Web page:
“Still Broke is an important, comprehensive, supremely balanced study of how Walmart treats its workers. Despite a close and cooperative relationship with Walmart, Wartzman pulls no punches in his efforts to pass judgment on his corporate subject’s incomplete efforts to do right by its employees. It’s totally absorbing.”—Adam Lashinsky, author of Wild Ride
“With nuance and unparalleled access, Wartzman thoughtfully dissects the ‘corporate Rashomon’ that is Walmart. Still Broke is a fast-paced narrative that offers essential and sobering insights at a pivotal moment for industrial relations.”—Miriam Pawel, author of The Crusades of Cesar Chavez and The Union of Their Dreams
“Still Broke is a 360-degree portrait of Walmart, a company that has for years been a synonym for ‘greed.’ Wartzman’s reporting on the corporation and its history is balanced and thorough. He concludes with well-reasoned solutions that might improve this case study in extreme capitalism, including raising the minimum wage higher than you might expect. The book is that rare title that is for corporate consultants and community organizers.”—Alissa Quart, executive director, the Economic Hardship Reporting Project, and author of Squeezed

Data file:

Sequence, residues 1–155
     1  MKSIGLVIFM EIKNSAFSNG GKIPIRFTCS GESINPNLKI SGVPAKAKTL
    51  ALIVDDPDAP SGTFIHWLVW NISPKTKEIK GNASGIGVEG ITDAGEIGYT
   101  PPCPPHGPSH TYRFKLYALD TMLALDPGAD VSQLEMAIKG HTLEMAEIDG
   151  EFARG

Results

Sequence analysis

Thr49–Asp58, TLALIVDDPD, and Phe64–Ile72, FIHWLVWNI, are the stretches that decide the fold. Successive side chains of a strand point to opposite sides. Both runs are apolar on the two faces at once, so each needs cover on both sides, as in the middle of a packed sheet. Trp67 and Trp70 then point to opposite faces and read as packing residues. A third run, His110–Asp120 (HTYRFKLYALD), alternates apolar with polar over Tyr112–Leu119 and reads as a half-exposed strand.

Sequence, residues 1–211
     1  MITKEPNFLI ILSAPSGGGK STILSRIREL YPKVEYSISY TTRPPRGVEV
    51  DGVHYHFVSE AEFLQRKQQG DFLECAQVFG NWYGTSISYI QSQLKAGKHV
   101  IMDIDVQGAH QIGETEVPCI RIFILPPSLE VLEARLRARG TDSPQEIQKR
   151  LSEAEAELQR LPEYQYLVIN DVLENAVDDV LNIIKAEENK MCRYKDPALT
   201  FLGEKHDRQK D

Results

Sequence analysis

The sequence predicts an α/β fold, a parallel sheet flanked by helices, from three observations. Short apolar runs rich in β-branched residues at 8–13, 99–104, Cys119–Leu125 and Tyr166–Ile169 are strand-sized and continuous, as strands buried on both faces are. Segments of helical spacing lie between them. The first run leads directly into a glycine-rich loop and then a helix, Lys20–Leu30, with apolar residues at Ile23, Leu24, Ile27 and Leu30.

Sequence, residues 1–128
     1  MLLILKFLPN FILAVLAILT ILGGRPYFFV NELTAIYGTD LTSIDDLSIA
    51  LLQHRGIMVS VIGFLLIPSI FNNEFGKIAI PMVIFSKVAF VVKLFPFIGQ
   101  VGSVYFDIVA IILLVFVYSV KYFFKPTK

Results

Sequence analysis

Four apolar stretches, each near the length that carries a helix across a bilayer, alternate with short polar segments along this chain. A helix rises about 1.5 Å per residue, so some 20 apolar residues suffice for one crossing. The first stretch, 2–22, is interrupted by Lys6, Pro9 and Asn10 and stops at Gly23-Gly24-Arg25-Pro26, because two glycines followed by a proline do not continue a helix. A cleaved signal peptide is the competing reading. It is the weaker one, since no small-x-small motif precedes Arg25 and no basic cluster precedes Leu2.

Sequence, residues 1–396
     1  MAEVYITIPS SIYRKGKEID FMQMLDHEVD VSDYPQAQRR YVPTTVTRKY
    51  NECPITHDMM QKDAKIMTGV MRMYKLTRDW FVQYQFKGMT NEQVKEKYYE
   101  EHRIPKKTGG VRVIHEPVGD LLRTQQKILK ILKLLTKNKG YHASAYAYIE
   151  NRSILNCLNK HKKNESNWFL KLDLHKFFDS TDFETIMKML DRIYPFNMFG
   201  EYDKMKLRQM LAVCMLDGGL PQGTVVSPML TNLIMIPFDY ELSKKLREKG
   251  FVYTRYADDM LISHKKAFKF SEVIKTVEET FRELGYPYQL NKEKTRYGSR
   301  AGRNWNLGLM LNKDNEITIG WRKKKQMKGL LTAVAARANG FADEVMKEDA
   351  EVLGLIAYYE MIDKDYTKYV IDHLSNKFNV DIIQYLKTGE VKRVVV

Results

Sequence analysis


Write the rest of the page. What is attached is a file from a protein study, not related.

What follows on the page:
“Still Broke is a look behind the curtain at the inner workings of one of the world’s most controversial corporations. With thorough and excellent reporting and research, Wartzman delivers a portrait of Walmart that contains a number of surprises. Still, anyone who reads through to the book’s stunning final chapter will know that Wartzman doesn’t hold back. He understands exactly what’s ailing this country.”—Michael Tomasky, editor, the New Republic, and author of The Middle Out